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Renaissance - Azure d'Or CD (album) cover




Symphonic Prog

3.03 | 225 ratings

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4 stars At the moment, this is my favorite album from Renaissance. I never noticed how much they sounded like Yes, how much their logo looked like Yes' logo, how much Annie Haslam sounded like Jon Anderson, how Jon Camp might well have squired under a certain teacher. As I've noted earlier, all this at a time when the old guard was limping into the new decade, at a time when new hands were needed to grab at the brass ring. (I really have to stop mixing my metaphors.) At the core of Azure d'Or are some of the band's most succinct, magical creations: "Jekyll And Hyde," "The Winter Tree," "Kalynda." I suspect this is what most progressive bands were trying to do in 1979: write smart and snappy arrangements within the context of four-minute songs. That few pulled it off (Camel and Genesis come to mind) shows what a fine line it was. Looking back, though, Renaissance often floundered in the epic format, not the fount of inspiration that flowed from the very heart of Yes, Gentle Giant, Tull, etc. On Azure d'Or, the band is able to pack very clever twists into the standard verse/chorus format, which results in songs that brim with goodness (as opposed to a handful of deflated opuses). Everything moves briskly, purposefully, without a leaky patch in the thatch. Maybe Renaissance were late bloomers, a rarity as progressive rock bands go. Azure d'Or remains a treat on the tree of late '70s prog, as tart and tasty a selection to grow from their limb as I can recall.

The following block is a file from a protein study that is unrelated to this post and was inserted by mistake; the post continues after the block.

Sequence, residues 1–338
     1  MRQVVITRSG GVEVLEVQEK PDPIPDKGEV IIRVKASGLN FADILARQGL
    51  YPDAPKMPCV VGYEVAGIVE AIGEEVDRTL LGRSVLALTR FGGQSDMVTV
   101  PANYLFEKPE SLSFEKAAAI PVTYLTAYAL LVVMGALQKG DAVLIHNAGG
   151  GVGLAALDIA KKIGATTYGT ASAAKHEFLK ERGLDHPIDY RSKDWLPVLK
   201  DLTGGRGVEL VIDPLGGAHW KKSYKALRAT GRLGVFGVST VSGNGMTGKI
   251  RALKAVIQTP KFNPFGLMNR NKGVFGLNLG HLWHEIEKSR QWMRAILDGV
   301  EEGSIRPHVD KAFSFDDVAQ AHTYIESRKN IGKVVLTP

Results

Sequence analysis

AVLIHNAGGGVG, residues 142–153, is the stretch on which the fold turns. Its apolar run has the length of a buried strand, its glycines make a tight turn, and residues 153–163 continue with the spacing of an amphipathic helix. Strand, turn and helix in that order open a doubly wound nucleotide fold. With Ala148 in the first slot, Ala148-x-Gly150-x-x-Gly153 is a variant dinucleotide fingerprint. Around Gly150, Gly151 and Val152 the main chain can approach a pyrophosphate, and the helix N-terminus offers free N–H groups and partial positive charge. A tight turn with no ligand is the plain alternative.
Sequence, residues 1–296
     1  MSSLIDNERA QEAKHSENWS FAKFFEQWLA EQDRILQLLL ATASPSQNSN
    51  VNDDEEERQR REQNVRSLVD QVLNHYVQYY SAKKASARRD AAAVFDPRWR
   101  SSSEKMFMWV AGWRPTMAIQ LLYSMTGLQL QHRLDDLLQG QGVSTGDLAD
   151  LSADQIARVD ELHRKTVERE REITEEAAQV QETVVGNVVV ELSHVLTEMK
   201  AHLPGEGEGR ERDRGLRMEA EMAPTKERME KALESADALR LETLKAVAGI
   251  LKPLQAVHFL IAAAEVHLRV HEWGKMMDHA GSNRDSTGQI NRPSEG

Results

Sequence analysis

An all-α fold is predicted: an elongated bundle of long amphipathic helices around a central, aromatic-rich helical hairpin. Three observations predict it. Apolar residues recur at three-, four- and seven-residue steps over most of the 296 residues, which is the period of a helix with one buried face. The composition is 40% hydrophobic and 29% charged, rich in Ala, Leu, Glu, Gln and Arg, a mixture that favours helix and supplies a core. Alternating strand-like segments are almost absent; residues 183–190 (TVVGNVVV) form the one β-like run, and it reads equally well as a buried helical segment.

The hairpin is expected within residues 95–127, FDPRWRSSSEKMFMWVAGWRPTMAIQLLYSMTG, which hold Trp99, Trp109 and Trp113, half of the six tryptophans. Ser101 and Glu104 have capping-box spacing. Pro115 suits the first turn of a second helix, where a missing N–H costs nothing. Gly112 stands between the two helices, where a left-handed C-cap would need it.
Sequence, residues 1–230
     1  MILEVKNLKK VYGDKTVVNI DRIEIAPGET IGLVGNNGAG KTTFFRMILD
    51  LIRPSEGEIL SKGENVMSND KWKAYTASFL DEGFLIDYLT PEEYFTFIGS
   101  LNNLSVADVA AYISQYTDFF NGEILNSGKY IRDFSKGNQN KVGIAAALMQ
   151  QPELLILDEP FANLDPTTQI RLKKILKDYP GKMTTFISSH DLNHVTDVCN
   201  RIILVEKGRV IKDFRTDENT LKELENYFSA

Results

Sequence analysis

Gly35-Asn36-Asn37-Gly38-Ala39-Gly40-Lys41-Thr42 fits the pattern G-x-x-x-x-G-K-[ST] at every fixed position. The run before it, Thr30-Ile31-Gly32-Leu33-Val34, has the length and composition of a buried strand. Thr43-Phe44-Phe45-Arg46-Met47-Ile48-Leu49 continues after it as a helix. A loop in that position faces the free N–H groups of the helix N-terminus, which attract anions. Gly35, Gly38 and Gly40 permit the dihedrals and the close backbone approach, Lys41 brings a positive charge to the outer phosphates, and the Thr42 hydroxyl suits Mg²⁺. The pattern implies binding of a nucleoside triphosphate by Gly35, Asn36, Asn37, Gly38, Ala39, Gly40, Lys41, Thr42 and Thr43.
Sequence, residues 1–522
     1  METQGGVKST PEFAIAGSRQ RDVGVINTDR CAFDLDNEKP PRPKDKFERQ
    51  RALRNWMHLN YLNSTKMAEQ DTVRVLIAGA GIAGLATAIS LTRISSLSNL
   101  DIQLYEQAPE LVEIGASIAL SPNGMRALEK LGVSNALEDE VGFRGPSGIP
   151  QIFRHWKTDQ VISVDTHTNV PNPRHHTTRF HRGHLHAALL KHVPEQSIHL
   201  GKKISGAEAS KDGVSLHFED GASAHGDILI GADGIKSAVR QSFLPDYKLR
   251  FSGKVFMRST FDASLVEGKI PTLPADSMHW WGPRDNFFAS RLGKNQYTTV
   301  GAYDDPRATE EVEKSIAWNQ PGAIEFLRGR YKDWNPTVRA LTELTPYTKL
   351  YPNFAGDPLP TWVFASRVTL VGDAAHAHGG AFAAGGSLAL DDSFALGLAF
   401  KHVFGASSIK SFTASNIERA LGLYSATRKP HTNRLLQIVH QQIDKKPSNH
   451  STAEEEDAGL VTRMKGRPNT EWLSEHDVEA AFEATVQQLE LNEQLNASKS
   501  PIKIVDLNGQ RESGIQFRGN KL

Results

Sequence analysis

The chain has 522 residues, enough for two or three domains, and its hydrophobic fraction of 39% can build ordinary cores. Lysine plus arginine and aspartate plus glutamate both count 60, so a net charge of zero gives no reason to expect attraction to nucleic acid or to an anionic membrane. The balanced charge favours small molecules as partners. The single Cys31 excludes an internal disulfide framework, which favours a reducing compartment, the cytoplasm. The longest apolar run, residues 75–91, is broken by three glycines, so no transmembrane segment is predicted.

daveconn | 4/5 |


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